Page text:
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Motor Vehicle Accident Problem Solver

The other party has not and/or will not make a claim on their policy

A person does not have to make a claim on their insurance and you cannot compel them to make a claim if the decide not to.

There are many reasons they may not make a claim (for example, they are not covered or the damage is less than their excess)

If the other party has not made or will not make a claim on their policy, you will need to make a claim for damages from the other driver and/or owner of the other vehicle for them to pay you directly.

If you are not insured, you will need to pursue the driver as an individual.

Your first step is to work out how much your damage you have suffered by the collision. This means gathering evidence and quotes for repair or if your car cannot be repaired its market value.

Generally in car accidents, the other party is entitled to recover damages caused by the at-fault’s party’s negligence.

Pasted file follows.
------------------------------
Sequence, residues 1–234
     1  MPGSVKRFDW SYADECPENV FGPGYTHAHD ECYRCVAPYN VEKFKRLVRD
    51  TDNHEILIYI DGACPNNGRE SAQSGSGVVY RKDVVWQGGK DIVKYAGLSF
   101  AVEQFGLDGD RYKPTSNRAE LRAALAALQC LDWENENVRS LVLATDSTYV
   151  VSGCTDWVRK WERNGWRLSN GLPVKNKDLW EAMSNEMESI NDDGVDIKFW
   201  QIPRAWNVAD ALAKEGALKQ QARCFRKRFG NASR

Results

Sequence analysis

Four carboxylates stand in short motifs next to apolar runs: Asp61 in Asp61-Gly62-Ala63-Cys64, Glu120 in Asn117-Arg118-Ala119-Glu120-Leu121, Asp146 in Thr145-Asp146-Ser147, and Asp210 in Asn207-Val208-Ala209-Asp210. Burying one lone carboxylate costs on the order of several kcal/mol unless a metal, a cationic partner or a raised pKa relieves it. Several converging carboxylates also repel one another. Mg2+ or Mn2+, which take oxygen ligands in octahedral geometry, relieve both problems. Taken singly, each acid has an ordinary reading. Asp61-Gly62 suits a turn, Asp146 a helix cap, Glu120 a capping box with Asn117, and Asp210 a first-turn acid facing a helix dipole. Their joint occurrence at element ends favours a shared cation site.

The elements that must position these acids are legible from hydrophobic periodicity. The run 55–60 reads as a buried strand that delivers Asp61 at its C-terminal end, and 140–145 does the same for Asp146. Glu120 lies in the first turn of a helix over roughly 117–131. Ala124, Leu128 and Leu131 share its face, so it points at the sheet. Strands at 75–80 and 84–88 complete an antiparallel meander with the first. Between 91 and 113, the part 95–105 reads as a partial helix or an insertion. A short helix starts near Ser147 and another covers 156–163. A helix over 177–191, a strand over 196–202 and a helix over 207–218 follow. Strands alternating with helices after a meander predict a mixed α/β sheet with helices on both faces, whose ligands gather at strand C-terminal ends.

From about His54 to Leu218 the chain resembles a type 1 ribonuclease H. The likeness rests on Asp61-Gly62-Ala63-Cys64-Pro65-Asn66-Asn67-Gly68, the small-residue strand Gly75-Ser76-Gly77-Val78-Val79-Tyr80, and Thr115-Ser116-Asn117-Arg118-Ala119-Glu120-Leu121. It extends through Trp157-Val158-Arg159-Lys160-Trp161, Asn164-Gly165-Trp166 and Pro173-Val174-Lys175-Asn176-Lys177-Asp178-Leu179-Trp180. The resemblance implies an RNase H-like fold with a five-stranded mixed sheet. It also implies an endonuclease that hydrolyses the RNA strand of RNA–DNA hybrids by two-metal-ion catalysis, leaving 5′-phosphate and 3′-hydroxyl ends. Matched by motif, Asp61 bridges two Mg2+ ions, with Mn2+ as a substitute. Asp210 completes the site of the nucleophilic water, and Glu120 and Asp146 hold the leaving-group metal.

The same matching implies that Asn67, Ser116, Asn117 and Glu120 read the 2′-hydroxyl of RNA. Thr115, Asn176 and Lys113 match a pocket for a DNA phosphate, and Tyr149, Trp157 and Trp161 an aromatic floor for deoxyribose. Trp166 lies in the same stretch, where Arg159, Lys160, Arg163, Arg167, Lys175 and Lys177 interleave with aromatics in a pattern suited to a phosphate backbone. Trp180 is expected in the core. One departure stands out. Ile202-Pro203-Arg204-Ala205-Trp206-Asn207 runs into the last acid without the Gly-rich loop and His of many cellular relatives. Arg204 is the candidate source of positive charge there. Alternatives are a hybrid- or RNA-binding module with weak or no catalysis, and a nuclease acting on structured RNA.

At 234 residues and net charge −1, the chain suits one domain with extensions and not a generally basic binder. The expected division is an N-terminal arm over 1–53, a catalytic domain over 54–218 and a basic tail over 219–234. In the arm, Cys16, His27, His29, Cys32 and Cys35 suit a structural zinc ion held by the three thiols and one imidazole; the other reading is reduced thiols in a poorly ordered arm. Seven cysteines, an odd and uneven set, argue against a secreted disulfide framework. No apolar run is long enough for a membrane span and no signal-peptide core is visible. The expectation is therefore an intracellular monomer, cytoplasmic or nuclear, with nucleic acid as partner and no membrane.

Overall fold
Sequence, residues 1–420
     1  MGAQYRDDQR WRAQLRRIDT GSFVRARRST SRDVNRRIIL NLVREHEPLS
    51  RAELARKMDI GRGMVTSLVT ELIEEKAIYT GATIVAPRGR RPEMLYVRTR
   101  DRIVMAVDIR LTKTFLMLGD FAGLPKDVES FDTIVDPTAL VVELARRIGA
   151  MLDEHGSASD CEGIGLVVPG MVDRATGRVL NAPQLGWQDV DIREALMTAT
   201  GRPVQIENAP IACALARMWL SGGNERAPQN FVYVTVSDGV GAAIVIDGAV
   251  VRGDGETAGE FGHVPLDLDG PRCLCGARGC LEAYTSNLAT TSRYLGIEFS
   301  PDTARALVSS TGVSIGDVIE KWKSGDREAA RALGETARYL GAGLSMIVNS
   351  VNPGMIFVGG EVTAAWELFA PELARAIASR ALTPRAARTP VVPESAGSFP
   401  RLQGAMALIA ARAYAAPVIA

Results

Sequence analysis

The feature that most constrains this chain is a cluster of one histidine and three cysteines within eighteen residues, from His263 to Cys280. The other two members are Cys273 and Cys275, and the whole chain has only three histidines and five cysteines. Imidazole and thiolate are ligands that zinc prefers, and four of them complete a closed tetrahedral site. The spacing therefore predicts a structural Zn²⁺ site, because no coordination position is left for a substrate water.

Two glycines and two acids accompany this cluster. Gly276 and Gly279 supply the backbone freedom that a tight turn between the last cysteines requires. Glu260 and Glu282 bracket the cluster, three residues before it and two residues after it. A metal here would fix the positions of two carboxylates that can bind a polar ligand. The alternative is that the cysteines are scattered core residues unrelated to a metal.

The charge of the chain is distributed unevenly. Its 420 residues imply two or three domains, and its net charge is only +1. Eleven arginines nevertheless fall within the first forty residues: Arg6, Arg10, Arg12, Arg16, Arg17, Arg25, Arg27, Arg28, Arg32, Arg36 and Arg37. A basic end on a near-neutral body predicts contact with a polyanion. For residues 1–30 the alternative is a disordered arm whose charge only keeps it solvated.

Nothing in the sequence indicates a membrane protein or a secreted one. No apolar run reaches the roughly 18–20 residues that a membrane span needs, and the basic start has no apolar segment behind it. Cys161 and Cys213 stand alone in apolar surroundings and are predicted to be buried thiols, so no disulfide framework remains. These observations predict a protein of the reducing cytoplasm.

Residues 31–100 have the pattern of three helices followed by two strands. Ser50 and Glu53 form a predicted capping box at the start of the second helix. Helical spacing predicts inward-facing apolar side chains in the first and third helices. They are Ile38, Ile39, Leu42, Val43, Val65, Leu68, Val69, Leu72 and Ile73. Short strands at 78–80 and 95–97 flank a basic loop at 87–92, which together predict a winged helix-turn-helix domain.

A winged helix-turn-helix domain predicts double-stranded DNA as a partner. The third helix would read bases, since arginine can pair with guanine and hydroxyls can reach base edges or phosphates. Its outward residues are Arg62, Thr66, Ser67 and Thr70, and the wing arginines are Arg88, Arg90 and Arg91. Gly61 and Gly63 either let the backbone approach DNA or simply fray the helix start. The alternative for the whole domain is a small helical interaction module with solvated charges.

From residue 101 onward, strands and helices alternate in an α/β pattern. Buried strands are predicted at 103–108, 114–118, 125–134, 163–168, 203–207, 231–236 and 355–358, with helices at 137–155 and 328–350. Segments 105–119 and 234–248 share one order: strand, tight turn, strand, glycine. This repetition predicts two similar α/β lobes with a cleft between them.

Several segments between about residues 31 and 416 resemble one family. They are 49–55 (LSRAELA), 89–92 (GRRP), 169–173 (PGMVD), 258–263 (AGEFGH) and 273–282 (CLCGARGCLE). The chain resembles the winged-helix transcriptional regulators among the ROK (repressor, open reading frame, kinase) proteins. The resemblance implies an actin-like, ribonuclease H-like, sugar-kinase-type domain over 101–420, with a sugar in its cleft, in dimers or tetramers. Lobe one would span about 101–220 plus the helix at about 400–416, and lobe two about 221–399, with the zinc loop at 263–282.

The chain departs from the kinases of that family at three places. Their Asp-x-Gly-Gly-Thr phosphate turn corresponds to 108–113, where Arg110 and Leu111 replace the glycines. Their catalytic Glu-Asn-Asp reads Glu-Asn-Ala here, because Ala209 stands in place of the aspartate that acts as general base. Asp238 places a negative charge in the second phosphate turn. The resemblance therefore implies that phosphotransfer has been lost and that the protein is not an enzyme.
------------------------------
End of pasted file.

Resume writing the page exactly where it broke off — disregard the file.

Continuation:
The damage in a motor vehicle repair claim is usually made up as follows:

  • Repair cost of the damage caused or the market value of the vehicle, whichever the lesser
  • PLUS towing costs
  • PLUS hire car costs, lost wages or profits (called ‘demurrage’)
  • LESS salvage value (if market value of the car is claimed)

The damages you can recover are limited to what is ‘reasonable’ given the circumstances (such as the age / make / model / condition of the car, and the availability of car repairers in the area).

You have an obligation to mitigate or minimise their losses. This means you must keep your costs reasonable.

It is generally advisable to get more than one quote so that you can show that your costs are reasonable.

The next steps are to:

  1. send a letter of demand, which outlines your damages and the date in which you want the money paid by; and then
  2. if the demand is not paid by the demand date commence a claim in Court.